[NOTE: this is the second in a four-part series on internal control]
In my last post I covered the what and why of internal control, listing five key components. Now we move on to how you implement those components. What follows is a high-level look at the key steps courts should take to minimize risks — in the next post I will give a practical illustration in the area of financial controls.
The first internal control key component is the Control Environment. In an effective internal control environment, management must provide discipline and structure in these ways:
• Commitment to integrity and ethical conduct.
• Establishment of an organizational structure that effectively assigns and delegates responsibilities.
• Hire, develop, and retain competent staff, evaluate their performance, and hold them accountable.
The second key component is Risk Assessment. In order to minimize (and hopefully, eliminate) risk, management needs to:
• Articulate clear organizational and operational objectives to enable the identification of associated risks and risk tolerance.
• Consider the potential for fraud and other malfeasance.
• Analyze and respond to changes that could impact the internal control system.
The third key component is Control Activities. To respond to the identified risks to the organizational objectives, management should:
• Design specific control actions to respond to the identified risks.
• Ensure that both manual and automated systems are included in control actions.
• Enact comprehensive control policies.
The fourth key component is Information and Communication. It isn’t enough to create a good environment, assess risk, and create policies. Management needs to:
• Ensure that quality information is used to make decisions (and has been used in risk assessment and creation of policies).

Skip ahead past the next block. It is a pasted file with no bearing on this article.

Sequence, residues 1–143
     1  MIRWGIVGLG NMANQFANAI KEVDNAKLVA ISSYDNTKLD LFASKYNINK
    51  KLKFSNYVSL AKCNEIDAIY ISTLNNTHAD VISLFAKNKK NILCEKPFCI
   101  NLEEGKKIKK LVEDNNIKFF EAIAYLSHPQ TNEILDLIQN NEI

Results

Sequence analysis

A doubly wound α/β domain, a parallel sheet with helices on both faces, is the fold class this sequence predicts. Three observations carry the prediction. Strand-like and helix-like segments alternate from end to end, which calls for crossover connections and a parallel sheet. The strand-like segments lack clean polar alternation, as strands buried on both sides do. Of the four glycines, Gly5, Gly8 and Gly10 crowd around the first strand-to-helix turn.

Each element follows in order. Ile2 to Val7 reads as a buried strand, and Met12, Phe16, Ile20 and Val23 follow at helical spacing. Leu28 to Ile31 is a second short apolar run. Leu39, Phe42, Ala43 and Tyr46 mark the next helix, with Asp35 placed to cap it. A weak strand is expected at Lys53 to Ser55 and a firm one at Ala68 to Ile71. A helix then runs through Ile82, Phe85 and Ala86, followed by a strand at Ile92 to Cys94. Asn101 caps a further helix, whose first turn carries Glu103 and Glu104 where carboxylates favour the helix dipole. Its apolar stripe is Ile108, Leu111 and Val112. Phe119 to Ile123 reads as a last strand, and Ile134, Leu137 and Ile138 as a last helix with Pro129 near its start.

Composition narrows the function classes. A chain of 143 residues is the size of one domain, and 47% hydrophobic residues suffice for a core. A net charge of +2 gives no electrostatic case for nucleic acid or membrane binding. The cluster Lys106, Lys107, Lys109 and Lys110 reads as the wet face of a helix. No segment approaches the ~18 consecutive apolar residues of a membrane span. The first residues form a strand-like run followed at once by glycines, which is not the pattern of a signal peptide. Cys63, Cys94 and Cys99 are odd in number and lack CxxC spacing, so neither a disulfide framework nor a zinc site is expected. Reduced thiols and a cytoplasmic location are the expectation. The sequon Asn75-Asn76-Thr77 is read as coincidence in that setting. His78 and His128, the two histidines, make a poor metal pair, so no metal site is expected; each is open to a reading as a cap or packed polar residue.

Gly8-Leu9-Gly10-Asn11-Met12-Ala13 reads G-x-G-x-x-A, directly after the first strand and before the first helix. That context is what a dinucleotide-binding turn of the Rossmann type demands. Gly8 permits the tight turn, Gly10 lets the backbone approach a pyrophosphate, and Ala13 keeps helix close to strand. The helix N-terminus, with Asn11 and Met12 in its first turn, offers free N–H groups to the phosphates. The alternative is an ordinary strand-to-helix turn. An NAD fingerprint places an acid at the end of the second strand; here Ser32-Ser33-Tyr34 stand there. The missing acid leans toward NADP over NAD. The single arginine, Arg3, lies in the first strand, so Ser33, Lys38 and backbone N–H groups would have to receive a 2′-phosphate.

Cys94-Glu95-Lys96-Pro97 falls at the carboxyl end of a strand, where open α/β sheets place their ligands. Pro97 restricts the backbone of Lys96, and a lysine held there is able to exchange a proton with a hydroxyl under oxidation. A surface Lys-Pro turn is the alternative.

• Effectively communicate information about internal control both internally and externally. For instance, employee training should incorporate appropriate policies.
The fifth key component is Monitoring. Ongoing evaluation of how well internal control activities are performing is extremely important. Management should assess and remediate the quality of performance over time by:
• Establishing and implementing activities that monitor and evaluate control activities.
• Monitoring activities continuously (e.g., via daily data analysis) and periodically (e.g., via audits), as appropriate.
• Remediating identified control deficiencies on a timely basis.
It is easy to see how internal control really cuts across every aspect of court operations: human resources, information technology, space & facilities, security, finance & budget/procurement, etc. What is also striking is how the control components and principles parallel the classic strategic planning cycle of activities.
One can think of internal control as strategic planning with a focus on risk assessment, avoidance, and remediation.
As written above, the internal control components and principles I’ve written about so far are at a high, theoretical level. What may be helpful is to next explore one court operational area and focus on practical internal control actions. I will do that in part three of this series on internal control: “Risky Business – practical aspects of financial internal control.”
Thanks for reading the Vantage Point blog, and I welcome your comments. In particular, comments about your experiences with internal control (especially financial control) are appreciated.
The principles outlined herein are based on material on page 9 of GAO Standards for Internal Control in the Federal Government – Publication GAO-14-704G (2014) https://www.gao.gov/products/GAO-14-704G